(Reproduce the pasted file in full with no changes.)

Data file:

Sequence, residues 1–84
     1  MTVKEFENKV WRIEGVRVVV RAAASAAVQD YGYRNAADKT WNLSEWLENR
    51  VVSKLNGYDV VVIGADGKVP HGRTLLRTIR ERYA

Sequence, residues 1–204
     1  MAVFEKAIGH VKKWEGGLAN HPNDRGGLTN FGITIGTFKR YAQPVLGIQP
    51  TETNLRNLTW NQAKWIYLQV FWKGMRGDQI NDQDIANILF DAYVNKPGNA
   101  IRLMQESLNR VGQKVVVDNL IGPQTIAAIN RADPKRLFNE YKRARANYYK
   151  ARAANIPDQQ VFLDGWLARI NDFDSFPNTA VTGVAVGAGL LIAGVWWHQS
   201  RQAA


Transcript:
Sequence, residues 1–84
     1  MTVKEFENKV WRIEGVRVVV RAAASAAVQD YGYRNAADKT WNLSEWLENR
    51  VVSKLNGYDV VVIGADGKVP HGRTLLRTIR ERYA

Sequence, residues 1–204
     1  MAVFEKAIGH VKKWEGGLAN HPNDRGGLTN FGITIGTFKR YAQPVLGIQP
    51  TETNLRNLTW NQAKWIYLQV FWKGMRGDQI NDQDIANILF DAYVNKPGNA
   101  IRLMQESLNR VGQKVVVDNL IGPQTIAAIN RADPKRLFNE YKRARANYYK
   151  ARAANIPDQQ VFLDGWLARI NDFDSFPNTA VTGVAVGAGL LIAGVWWHQS
   201  RQAA